As we rely on technology to enhance our everyday and business life, we must too consider the security of the intellectual property and confidential data that is housed on these devices. As we increase the number of devices we use, we increase the number of gateways and opportunity for security threats. Intel Security takes the “security connected” approach to ensure that every device is secure, and that all security solutions are seamlessly integrated.
Featured Writers
White Papers
Cartoon
Current Issue
Dark Reading's October Tech Digest
Fast data analysis can stymie attacks and strengthen enterprise security. Does your team have the data smarts?
Flash Poll
Video
Slideshows
Twitter Feed
Dark Reading - Bug Report
Bug Report
Enterprise Vulnerabilities
From DHS/US-CERT's National Vulnerability Database
CVE-2014-3409
Published: 2014-10-25
The Ethernet Connectivity Fault Management (CFM) handling feature in Cisco IOS 12.2(33)SRE9a and earlier and IOS XE 3.13S and earlier allows remote attackers to cause a denial of service (device reload) via malformed CFM packets, aka Bug ID CSCuq93406.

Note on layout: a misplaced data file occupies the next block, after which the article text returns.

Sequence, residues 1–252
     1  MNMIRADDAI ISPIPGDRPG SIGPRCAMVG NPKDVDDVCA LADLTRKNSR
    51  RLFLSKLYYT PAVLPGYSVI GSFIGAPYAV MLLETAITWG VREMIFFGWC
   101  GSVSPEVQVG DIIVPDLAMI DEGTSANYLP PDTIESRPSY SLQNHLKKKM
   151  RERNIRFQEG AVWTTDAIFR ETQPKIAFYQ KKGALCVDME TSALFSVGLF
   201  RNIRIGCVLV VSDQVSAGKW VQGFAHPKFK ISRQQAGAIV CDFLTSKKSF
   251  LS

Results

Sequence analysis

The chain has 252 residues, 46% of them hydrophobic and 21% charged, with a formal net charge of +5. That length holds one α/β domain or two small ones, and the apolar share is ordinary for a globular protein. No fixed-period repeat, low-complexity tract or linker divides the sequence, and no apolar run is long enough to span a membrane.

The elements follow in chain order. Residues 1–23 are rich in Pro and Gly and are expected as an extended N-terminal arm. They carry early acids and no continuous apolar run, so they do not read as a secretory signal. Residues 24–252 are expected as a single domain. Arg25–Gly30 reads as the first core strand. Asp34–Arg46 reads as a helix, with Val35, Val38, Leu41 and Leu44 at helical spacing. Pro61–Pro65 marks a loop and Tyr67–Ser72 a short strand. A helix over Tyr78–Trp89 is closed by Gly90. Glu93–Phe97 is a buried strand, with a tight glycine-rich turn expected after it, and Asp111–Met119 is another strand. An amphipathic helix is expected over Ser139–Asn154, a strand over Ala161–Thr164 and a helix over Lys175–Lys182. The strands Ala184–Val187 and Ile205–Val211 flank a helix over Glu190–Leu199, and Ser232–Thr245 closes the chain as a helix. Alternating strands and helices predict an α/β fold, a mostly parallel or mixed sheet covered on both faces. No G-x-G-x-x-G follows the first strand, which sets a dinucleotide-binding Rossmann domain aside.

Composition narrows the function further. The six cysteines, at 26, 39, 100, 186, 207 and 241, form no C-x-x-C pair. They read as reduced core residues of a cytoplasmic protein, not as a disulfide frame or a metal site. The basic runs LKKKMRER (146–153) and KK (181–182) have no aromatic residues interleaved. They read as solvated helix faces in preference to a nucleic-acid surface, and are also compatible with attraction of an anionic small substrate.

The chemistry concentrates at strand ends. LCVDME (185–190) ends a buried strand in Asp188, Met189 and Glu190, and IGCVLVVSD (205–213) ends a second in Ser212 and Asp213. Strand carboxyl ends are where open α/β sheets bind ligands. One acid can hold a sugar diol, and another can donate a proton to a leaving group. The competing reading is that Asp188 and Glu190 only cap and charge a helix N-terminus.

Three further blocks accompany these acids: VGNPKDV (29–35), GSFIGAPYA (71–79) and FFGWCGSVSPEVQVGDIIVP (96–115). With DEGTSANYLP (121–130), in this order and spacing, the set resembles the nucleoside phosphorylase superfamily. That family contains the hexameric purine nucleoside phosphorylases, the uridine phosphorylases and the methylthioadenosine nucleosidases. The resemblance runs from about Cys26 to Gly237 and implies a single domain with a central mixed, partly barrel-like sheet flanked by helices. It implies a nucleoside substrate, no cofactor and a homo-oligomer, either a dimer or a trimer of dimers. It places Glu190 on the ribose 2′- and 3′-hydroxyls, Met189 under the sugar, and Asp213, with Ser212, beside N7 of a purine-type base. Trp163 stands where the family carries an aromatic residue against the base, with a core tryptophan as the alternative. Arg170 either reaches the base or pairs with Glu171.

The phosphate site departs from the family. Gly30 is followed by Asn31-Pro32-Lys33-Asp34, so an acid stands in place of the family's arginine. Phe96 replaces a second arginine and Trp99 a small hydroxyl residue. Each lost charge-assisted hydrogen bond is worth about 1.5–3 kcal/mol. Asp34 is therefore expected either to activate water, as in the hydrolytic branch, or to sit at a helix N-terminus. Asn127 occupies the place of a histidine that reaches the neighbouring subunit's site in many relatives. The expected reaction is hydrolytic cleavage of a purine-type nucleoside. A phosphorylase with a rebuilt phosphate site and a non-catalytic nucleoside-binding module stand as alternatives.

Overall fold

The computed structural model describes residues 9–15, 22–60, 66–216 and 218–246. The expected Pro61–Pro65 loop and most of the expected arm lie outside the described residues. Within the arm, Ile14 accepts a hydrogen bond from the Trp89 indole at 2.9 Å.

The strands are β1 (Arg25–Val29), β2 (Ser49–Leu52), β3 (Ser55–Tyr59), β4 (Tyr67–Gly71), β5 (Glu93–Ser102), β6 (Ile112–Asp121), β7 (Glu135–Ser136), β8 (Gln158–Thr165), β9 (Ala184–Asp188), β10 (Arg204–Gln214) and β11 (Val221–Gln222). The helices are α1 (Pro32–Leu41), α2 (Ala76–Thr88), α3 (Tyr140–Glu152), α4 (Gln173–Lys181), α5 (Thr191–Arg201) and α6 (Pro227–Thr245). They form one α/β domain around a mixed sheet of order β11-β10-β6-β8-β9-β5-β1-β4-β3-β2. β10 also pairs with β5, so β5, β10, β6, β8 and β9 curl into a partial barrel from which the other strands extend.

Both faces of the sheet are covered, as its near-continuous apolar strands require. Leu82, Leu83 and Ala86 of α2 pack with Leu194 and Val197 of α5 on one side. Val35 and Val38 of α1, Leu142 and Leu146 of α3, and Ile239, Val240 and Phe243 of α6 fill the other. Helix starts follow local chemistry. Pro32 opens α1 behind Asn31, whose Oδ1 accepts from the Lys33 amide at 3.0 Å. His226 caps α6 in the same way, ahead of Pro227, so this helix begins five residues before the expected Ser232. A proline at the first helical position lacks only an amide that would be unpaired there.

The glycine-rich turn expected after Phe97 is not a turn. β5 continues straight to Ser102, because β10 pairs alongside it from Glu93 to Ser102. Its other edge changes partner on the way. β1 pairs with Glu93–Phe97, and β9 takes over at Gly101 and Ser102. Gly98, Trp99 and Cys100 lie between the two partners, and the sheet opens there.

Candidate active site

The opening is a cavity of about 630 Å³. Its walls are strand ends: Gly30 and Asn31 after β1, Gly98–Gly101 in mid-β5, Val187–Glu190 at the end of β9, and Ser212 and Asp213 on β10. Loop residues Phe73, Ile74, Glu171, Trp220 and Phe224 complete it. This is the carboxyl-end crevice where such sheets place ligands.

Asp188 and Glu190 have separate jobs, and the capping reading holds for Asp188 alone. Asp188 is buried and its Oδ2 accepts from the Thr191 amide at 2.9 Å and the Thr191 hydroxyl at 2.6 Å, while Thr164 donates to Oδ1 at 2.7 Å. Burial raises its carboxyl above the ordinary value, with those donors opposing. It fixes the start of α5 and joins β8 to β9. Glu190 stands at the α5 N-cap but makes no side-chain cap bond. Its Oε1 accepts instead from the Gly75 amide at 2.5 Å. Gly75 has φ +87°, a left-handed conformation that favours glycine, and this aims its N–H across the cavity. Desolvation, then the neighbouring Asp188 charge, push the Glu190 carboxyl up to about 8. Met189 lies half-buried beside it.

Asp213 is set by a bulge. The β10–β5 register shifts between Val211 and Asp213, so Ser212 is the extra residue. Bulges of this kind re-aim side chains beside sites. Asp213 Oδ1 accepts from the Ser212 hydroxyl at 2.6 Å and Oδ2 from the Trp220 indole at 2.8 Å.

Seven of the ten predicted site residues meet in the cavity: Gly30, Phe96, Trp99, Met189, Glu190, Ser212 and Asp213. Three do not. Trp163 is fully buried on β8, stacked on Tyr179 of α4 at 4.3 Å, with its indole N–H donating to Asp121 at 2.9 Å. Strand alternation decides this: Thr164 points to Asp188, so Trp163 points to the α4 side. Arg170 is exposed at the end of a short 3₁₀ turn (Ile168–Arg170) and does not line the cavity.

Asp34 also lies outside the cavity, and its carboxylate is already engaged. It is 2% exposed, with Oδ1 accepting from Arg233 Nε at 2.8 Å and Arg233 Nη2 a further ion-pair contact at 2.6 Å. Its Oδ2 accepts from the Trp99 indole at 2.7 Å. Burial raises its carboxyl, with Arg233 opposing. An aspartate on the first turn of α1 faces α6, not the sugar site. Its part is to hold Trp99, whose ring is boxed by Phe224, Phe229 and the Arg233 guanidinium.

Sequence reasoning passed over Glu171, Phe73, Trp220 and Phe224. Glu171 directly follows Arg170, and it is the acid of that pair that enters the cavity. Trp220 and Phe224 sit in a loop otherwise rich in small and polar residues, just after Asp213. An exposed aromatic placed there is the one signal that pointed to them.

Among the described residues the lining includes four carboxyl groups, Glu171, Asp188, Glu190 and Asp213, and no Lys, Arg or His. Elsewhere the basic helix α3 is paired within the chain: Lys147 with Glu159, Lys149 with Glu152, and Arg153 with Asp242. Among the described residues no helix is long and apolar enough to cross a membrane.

CVE-2014-4620
Published: 2014-10-25
The EMC NetWorker Module for MEDITECH (aka NMMEDI) 3.0 build 87 through 90, when EMC RecoverPoint and Plink are used, stores cleartext RecoverPoint Appliance credentials in nsrmedisv.raw log files, which allows local users to obtain sensitive information by reading these files.

CVE-2014-4623
Published: 2014-10-25
EMC Avamar 6.0.x, 6.1.x, and 7.0.x in Avamar Data Store (ADS) GEN4(S) and Avamar Virtual Edition (AVE), when Password Hardening before 2.0.0.4 is enabled, uses UNIX DES crypt for password hashing, which makes it easier for context-dependent attackers to obtain cleartext passwords via a brute-force a...

CVE-2014-4624
Published: 2014-10-25
EMC Avamar Data Store (ADS) and Avamar Virtual Edition (AVE) 6.x and 7.0.x through 7.0.2-43 do not require authentication for Java API calls, which allows remote attackers to discover grid MCUser and GSAN passwords via a crafted call.

CVE-2014-6151
Published: 2014-10-25
CRLF injection vulnerability in IBM Tivoli Integrated Portal (TIP) 2.2.x allows remote authenticated users to inject arbitrary HTTP headers and conduct HTTP response splitting attacks via unspecified vectors.

Best of the Web
Dark Reading Radio
Archived Dark Reading Radio
Follow Dark Reading editors into the field as they talk with noted experts from the security world.